First proton event of SC25

The first proton event of solar cycle 25 (SC25) took place on 29 May. Following a long duration C9.4 flare that peaked at 23:13UT on 28 May, the proton flux reached the 10 pfu alert threshold on 29 May at 03:00UT, peaked at 03:20UT (15 pfu, with 1 pfu = 1 proton / cm2 s sr), and ended at 05:40UT. This was a weak event, reaching only S1 on the NOAA scale, i.e. a minor solar radiation storm. It was barely noticeable in e.g. coronagraphic imagery. Also, the fluxes of protons with higher energies (> 50 MeV , > 100 MeV) remained at their background values.  



The source of this C-class flare and associated proton event was active region NOAA 2824, a small and decaying sunspot region located N21W63 at the time of the eruption. Its location in the western hemisphere favored a good magnetic connection with the Earth, a typical situation for proton events. An arcade, a series of post-eruption coronal loops could be seen rising over the blast site (see this annotated image in the SDO/AIA 171 imagery). A coronal mass ejection with a plane-of-the-sky speed around 880 km/s (CACTus) was observed off the west limb in SOHO and STEREO-A coronagraphic imagery. An earth-directed component could not be excluded and may affect the earth environment on 1-2 June.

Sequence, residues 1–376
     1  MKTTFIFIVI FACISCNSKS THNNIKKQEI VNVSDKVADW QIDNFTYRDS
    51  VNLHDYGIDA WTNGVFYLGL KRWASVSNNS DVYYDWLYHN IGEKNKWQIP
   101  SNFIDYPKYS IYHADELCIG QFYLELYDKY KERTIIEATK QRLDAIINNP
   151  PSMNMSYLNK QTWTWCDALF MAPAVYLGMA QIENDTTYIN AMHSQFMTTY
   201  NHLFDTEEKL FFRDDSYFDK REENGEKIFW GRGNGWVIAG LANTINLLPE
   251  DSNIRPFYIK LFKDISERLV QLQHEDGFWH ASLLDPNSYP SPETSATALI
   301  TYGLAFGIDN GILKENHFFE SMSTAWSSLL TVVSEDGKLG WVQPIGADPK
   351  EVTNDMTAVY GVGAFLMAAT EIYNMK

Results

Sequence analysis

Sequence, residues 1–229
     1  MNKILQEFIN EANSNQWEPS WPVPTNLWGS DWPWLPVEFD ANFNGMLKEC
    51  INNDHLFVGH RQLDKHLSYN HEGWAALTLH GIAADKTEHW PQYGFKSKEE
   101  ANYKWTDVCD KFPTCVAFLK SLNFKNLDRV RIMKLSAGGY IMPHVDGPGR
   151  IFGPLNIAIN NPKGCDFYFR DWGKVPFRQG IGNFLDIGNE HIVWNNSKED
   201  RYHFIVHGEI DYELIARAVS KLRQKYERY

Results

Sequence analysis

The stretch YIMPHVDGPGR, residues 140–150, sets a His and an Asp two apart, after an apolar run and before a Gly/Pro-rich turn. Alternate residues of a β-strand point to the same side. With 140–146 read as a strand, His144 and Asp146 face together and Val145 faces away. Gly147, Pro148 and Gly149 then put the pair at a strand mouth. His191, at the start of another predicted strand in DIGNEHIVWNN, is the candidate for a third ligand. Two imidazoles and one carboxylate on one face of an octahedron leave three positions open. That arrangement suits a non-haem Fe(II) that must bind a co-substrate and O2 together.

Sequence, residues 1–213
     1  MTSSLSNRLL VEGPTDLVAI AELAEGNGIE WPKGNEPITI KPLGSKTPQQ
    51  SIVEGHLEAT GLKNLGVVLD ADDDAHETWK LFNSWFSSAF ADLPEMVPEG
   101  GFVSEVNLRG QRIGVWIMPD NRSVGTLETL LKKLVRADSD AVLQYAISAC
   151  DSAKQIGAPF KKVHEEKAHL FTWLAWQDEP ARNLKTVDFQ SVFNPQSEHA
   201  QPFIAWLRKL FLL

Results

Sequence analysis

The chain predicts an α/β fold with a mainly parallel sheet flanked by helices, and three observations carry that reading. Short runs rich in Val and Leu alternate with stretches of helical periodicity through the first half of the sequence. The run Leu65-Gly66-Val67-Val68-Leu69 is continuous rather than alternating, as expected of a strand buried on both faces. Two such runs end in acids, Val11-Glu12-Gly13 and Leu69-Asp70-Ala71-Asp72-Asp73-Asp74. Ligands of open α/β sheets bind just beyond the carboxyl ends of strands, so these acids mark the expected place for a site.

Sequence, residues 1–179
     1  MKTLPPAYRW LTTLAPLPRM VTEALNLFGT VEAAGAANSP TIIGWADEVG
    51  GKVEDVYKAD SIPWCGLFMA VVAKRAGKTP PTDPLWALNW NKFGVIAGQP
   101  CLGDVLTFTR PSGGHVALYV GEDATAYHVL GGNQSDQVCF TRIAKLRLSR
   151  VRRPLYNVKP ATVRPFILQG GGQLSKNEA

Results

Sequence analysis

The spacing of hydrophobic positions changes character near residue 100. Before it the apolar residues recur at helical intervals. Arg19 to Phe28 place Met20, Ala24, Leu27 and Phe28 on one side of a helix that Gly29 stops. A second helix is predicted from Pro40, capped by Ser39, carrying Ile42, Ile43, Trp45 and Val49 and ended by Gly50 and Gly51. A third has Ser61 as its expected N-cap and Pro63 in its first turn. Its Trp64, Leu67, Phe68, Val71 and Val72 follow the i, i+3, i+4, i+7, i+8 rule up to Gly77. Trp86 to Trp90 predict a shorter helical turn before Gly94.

This is the first proton event since 10-11 September 2017, and the first for SC25. Underneath per year the number of proton events binned per peak intensity corresponding to the NOAA scales S1 to S4 (based on the NASA/GSFC list). There hasn't been any S5 event (peak flux > 100.000 pfu) since systematic GOES measurements started in 1976. More information on the intensity, classification and space weather effects of proton events is in this STCE Newsitem.




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